In the urban fantasy genre, we see this sort of takeover done largely offscreen. It’s more of a rewritten history than anything where we have these cities largely populated by non-human beings who tend to replace characters of color. We’re never shown why or how this process has happened, but all we know is that there are these non-human beings who are stronger and more dangerous than people while simultaneously being more oppressed.
I blame this on the fact that so much of the urban fantasy genre hinges on werewolves/vampires/etc being oppressed on a systematic level due to the publishing industry’s obsession with allegories. Instead of looking at nuanced portrayals of oppression (what would a vampire who was a former slave hold as their ideology, how would they look at the typical vampire relationship with humans), they just go “well vampires are oppressed. The end”.
They give these paranormal creatures experiences that are analogous to those that people of color face when dealing with racists:
- Housing discrimination
- Workplace harassment
- Relationship discrimination
- Being seen as hyper-sexual
- Hate crimes
- “racial” slurs
All the while not showing more than one or two actual characters of color in the narrative. And then these few characters of color never get to take center stage or deal with what I like to call POCProblems because the narrative pushed by urban fantasy has already given it away to paranormal beings.
When you’re writing, there are two things you need to hold onto:
- The demographics of the area that you’re writing
- The needs of diverse audiences
Automatically, no story set in New York City or LA should erase Black, Asian, or Latino characters. The immigrant experience should also be noted because of the large amount of people in those places that are first and second generation immigrants.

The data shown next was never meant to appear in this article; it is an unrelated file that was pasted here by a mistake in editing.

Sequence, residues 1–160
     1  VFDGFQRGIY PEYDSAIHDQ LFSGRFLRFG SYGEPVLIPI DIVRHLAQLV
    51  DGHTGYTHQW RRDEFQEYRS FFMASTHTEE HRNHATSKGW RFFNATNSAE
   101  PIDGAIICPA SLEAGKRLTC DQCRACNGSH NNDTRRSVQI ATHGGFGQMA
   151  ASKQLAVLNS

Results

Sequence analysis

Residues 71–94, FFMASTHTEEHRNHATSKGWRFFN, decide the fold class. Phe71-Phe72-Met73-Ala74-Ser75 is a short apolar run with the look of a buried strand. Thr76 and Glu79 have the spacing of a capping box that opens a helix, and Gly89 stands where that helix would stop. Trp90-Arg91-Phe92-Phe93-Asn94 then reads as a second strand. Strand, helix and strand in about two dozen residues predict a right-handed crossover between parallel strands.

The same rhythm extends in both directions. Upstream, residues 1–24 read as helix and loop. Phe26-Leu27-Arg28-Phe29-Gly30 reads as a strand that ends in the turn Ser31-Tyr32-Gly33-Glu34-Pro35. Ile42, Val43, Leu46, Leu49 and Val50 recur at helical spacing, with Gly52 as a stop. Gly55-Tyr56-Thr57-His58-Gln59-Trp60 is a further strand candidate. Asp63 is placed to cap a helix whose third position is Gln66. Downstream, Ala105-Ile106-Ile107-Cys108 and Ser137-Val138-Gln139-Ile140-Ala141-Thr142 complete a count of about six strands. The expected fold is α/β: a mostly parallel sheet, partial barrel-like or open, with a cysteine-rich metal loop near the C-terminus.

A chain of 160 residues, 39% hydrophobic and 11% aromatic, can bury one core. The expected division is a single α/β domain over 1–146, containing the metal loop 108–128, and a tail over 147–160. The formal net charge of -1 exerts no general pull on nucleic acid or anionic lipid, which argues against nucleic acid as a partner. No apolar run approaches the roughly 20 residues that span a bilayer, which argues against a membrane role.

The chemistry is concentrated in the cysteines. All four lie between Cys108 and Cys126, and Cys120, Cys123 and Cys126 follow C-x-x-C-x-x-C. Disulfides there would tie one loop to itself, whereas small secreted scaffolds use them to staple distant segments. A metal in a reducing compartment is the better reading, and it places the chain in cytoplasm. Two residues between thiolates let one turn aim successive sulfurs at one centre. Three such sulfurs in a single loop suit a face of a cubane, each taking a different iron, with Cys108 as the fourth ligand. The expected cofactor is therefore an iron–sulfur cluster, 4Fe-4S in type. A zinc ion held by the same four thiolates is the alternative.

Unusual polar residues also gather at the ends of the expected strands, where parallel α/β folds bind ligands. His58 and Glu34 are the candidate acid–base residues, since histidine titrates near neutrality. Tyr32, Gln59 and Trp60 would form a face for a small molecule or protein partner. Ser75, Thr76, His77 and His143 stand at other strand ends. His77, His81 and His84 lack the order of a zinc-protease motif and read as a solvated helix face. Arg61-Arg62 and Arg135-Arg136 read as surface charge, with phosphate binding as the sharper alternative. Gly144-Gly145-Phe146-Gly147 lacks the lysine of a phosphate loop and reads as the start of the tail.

You’re writing an urban fantasy story set in a massive hub of diversity and yet somehow all of the characters that get the spotlight are white?
Because to Jim Butcher, vampires, wizards, and other supernatural beings belong in Chicago.
Not so much.
Not at all. At least, not from within the city.
Same with Sherrilyn Kenyon.
I’ve been reading her Dark Hunters series and related works for over twelve years now and I still can’t remember having the focus fall on a Black character in New Orleans or Asian or Latino ones on the West Coast. She’s writing in these cities where you have specific types of diversity and then the majority of the characters she writes are white people who tan very well if they can go into the sun.
(And I have a serious bone to pick with authors who introduce entire species where their defining characteristics include: white skin, blond hair, blue eyes the way that she does with the daimons but I figure we’ll get into that later.)
And Laurell K Hamilton. She is still churning out books that people read and love. And these books still are very far from diverse. Her St. Louis is still very beige, still focused on whiteness and white characters that you’re unable to even really find Black characters in a narrative set in a city where they are the actual majority.
None of Anita’s lovers are Black.
None of her actual friends are either.
Offhand, I can only name three Black characters in her Anita Blake series. And one’s Jamil. Who we know nothing about aside from how he’s a snazzy dresser who wears his hair in long cornrows.